The place of Viṣṇu (Viṣṇupāda) is the zenith, the highest place of the sun, and in parlance, often synonymous with the attainment of mōkṣa. The idea of the zenith being the feet of Viṣṇu may have arisen from the knowledge that Viṣṇu himself transcends everything. At the beginning of the daily prayer-hymns of the Brahmans, or sandhyā, a mantra employed says that the wise see always that superior place of Viṣṇu, like an open eye in the sky:

tad Viṣṇoḥ paramaṃ padaṃ sadā paśyanti sūrayah divīva cakṣur ātatam.
(Ācamana mantra
of the daily sandhyā)

“Poojah of Vishnu” from The Sundhya or the Daily Prayers of the Brahmins. Illustrated by Mrs S.C Belnos

At the holy Viṣṇupāda temple in Gaya, considered one of the most important sites for. Hindus performing shraddha or pinḍa-dāna for their ancestors, Viṣṇu is worshipped as an engraving of his right foot in basalt. This footprint marks the place where Viṣṇu placed his foot on the head of the demon Gaya, and rendered him motionless. The present structure was built by Ahilya Bai Holkar, Maharani of Indore, in the 18th century who also who financed the construction of several temples, ghats, and dharmashalas at Gaya.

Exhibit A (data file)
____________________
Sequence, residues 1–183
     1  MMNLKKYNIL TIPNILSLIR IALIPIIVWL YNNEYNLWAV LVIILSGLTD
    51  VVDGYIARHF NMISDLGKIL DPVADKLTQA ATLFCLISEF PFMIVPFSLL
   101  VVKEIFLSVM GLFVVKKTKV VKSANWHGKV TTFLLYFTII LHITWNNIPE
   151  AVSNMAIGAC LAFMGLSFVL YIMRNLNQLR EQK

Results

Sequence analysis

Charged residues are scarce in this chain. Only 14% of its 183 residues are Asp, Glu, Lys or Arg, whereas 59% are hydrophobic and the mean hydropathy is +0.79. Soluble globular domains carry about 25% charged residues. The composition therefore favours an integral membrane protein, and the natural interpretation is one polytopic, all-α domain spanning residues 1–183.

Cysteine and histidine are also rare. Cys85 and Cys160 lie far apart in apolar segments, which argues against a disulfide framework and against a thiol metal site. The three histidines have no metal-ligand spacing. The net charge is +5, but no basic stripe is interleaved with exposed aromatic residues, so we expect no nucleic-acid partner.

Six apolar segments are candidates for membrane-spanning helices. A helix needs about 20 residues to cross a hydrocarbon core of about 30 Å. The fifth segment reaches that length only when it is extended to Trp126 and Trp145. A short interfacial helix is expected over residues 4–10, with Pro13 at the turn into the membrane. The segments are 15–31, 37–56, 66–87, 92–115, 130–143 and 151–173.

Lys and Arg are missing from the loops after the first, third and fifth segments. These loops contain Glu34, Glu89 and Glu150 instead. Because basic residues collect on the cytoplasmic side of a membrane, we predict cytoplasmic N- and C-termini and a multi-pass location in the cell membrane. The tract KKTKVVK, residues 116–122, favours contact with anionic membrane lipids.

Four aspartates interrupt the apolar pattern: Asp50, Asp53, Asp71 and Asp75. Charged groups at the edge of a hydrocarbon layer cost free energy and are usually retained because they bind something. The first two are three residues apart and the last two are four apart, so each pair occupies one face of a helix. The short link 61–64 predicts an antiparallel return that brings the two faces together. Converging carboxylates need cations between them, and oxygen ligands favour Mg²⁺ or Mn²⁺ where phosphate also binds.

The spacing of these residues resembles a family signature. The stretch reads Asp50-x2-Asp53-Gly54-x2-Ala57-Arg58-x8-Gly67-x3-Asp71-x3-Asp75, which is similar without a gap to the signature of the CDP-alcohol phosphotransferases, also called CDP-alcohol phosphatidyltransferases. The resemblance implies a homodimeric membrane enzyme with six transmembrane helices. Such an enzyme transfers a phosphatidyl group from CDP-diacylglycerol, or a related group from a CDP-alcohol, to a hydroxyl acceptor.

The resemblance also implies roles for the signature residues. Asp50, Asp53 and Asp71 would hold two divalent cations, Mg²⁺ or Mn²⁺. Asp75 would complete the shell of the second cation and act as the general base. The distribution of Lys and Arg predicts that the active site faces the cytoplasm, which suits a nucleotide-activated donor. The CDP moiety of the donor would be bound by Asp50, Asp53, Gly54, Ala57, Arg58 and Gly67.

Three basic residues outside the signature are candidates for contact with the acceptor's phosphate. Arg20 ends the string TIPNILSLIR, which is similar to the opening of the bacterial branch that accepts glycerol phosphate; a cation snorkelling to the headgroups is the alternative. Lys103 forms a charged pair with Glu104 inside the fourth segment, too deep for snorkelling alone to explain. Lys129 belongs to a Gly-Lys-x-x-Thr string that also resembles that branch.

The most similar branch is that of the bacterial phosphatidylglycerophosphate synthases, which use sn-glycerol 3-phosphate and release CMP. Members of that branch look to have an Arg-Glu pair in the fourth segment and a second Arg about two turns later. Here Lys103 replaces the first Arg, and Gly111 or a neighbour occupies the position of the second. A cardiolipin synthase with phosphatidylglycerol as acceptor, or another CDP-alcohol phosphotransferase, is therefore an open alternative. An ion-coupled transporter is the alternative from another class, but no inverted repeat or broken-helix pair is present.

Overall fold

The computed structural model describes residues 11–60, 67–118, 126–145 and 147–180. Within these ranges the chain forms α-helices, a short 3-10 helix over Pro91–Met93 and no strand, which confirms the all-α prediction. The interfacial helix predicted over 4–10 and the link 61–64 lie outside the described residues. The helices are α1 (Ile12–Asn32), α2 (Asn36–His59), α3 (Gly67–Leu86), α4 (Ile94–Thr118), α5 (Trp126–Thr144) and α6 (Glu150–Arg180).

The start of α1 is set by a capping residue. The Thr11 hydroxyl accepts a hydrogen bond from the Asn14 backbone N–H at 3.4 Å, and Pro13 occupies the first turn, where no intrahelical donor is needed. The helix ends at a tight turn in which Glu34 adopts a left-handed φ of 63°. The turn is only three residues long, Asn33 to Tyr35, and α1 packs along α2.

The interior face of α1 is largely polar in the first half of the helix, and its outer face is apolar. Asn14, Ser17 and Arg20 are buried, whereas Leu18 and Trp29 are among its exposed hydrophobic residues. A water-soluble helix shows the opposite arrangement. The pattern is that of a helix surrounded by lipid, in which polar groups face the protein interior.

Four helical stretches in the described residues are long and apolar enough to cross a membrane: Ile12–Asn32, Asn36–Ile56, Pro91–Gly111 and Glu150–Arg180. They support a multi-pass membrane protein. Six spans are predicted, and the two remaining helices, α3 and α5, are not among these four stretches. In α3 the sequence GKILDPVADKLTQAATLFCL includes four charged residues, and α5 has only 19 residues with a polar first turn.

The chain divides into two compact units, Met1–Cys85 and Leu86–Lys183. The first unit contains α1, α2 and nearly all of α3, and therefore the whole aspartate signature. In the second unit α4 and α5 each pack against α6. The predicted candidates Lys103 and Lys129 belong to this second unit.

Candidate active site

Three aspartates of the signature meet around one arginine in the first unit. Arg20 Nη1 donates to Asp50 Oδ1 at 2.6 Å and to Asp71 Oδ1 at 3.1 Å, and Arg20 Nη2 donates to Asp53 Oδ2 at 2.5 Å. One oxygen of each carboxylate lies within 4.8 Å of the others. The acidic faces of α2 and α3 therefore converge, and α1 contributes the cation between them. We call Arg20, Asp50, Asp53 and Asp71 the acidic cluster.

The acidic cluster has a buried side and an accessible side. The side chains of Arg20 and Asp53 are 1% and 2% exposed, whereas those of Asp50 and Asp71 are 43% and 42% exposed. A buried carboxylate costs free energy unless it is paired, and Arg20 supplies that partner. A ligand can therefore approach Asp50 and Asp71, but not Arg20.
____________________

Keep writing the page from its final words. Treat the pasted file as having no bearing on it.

Vishnupad Temple, Gaya, Sir Charles D’Oyly

Viṣṇupāda in Jewelry

Pendant with Blue Sapphire Viṣṇupāda surrounded by nine triangular parab cut diamonds, Andhra Pradesh, early 20th century © Van Gelder Traditional Indian Folk Jewellery

The continuing tradition in footprint motifs related to deities also relates to the Indian religio-cultural tradition of touching the feet of a revered person as a mark of respect. Of all the footprint symbols, Hindus consider the Viṣṇupāda to be the most sacred. Viṣṇupāda pendants commonly found include some or all of the symbols associated with Viṣṇu on the sole — the sun, bow, lotus, conch, swastika, moon, banner and mace. Small versions such these pendants are strung into entire necklaces by devotees.